Old Testament Topics For Essays For Middle School

Six 2.5 page (minimum) Topic Papers due alternate Weeks (mostly)--see calendar for due dates; 10 pts each/60 total towards final grade.

You must remember that you are in conversation not only with the Bible text but a host of scholars who have come (and gone) before you, or may still be speaking in (and out of) the Spirit today.  Write in this conversational but academic way showing agreement and disagreements AND that you learned something. (Don't just spout out what you already know or think you know or "believe"!)

General Hints [borrowed from Leuchter & Lamb (2016)]

Avoid “I think”, “I feel”, “I believe”, but rather state what you think without qualifiers.

Limit yourself to one exclamation point and one usage of the word “very” per essay! (For some of you, this will be very painful, but in this case, pain is very good!)

Use commentaries that focus exclusively upon the book you have chosen (i.e., that are not 1-volume OT or entire Bible commentaries) and were written in the last 30-40 years (i.e., not Calvin, Clarke or Henry). You can use these resources, but you need to use others as well, which will involve a trip to the library. Good commentary series to use: Word, Tyndale/IVP, NICOT, Interpretation, Anchor, OT Library (see more below).

Avoid including long quotations from secondary literature. Simply summarize scholarly views briefly.

Argue for your perspective on the main point of the passage is. Make a compelling case and support it with evidence. Whenever you refer to the text, give a reference. Don’t just say, “Scholars think...”; state which scholars think that way and give reasons.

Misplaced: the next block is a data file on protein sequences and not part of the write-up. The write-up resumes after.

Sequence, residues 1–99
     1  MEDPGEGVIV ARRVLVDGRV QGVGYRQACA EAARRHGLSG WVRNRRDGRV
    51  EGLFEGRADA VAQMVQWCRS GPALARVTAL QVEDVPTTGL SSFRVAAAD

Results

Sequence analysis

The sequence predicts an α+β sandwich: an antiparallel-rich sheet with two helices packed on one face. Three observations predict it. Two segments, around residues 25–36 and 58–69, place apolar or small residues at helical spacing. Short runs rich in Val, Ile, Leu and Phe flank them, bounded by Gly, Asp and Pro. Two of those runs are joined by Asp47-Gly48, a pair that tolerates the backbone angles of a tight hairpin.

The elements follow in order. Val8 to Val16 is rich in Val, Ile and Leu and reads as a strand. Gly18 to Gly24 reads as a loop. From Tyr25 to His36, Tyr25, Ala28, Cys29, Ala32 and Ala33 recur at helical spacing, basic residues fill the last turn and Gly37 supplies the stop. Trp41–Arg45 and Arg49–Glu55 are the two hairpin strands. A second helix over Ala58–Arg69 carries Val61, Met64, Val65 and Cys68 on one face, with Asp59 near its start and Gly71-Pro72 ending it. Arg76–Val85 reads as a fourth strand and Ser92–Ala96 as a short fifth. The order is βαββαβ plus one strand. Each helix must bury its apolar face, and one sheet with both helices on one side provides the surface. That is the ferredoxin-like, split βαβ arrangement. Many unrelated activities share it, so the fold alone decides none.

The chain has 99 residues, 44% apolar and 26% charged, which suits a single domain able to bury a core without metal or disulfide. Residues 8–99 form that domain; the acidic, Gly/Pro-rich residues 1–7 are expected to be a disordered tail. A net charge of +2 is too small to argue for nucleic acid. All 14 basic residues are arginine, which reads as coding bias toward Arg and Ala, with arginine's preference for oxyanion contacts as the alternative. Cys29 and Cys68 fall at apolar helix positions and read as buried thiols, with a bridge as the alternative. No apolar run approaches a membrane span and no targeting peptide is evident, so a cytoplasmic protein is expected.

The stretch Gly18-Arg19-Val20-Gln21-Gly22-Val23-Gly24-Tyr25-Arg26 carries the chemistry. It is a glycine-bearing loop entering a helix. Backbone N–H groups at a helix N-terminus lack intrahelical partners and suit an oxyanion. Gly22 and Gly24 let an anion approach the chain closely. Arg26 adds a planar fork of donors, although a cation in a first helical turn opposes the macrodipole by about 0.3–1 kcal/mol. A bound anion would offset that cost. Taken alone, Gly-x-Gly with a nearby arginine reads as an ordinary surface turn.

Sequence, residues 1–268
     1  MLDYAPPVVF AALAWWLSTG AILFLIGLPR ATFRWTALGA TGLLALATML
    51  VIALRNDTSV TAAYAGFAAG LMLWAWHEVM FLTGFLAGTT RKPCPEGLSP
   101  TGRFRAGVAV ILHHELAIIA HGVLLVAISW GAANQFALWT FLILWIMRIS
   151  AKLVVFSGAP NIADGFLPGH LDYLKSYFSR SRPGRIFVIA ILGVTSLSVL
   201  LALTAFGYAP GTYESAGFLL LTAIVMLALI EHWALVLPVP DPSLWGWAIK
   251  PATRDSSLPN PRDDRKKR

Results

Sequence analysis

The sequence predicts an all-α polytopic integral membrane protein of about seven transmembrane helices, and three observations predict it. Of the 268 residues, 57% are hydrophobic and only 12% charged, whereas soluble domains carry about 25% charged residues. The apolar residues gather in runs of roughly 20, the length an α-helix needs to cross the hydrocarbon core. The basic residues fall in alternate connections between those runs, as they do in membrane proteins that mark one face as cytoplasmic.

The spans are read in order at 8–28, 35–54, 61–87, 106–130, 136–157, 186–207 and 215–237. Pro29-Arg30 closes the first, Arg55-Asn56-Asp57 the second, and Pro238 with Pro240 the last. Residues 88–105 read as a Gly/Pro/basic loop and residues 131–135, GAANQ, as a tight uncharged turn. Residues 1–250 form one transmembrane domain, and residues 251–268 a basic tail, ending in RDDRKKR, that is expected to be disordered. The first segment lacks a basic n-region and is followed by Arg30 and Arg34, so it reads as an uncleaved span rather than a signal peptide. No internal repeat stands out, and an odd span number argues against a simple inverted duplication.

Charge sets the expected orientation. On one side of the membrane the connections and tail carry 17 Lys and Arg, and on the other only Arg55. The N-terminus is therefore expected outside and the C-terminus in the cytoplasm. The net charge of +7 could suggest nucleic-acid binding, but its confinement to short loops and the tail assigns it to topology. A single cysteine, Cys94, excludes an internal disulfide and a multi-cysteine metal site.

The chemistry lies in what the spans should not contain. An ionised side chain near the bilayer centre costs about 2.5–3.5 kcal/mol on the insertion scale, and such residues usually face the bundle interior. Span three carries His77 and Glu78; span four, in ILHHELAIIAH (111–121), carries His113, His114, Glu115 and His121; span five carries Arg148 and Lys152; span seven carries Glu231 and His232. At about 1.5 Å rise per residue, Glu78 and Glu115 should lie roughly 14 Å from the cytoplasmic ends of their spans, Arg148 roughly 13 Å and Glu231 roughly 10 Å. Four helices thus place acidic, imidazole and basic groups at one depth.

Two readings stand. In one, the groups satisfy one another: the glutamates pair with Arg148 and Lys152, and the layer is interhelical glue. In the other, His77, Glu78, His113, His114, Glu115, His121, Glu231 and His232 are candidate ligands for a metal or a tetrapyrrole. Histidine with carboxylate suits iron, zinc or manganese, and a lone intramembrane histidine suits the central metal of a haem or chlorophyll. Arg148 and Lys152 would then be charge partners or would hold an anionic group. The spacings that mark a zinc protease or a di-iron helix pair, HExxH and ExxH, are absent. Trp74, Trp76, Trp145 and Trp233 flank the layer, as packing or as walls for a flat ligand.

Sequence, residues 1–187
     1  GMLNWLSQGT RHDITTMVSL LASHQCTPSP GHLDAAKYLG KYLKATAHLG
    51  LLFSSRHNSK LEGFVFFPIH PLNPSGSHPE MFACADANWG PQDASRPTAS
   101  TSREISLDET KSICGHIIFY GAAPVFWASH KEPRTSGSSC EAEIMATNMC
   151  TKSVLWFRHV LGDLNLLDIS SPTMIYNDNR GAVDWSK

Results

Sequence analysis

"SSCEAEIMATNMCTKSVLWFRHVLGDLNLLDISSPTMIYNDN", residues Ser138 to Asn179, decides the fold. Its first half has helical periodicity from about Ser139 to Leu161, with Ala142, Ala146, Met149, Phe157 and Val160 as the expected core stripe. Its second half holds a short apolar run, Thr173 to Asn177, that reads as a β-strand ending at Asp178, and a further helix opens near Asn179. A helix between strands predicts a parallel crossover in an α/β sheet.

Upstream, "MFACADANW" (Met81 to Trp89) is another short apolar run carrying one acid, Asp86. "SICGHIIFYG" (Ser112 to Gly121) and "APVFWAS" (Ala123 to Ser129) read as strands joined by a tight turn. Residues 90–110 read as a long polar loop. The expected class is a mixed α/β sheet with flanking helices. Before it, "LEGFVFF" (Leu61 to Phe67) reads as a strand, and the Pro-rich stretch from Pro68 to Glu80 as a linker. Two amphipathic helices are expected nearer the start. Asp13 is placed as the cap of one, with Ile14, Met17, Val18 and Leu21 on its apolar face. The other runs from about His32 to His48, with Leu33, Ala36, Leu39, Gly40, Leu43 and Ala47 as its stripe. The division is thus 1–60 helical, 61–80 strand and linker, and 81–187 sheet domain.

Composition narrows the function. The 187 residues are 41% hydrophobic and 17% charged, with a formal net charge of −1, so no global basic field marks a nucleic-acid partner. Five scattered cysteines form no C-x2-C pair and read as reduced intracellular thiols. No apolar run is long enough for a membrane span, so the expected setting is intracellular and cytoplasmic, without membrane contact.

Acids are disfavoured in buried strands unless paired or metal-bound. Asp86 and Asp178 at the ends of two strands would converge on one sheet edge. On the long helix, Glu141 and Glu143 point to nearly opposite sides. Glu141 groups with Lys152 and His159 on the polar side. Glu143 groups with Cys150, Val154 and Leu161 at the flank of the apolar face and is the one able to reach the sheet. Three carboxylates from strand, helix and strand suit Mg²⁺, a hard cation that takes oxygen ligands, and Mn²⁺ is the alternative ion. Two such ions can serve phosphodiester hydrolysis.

Avoid non-peer-reviewed  online articles or helps, e.g., Wikipedia.  Resist copying and pasting from untrusted Web sources. (That includes good old Matthew Henry and John Calvin online!)

 Step 1. Choosing a Topic from the long list of possibles for each section.
Aim for one that is (1) interesting to you, (2)manageable (with readily available sources) that you can narrow in on an especiallyinteresting or important aspect, and (3)arguable--you'll want to express your opinion in conclusion based on the available primaryandsecondarysources and authorities (see step 2).  If you don't think you can write 2.5 pages on a topic, choose a different one!

Step 2. Research Your Topic

Each 2.5 page (minimum) Topical Paper will require a combination of at leastthree (3) scholarly sources from both the ATLA database in EBSCOhost andprint commentaries and/or Bible dictionaries (all found in the Guesman Reading and Reflection Room) or quality e-books from EBSCO or Ebrary, plus the Bible.   Yes, you may supplement with other online resources--but neither exclusively nor un-critically!

Avoid non-peer-reviewed  online articles or helps, e.g., Wikipedia.  Resist copying and pasting from untrusted Web sources. (That includes good old Matthew Henry and John Calvin online!)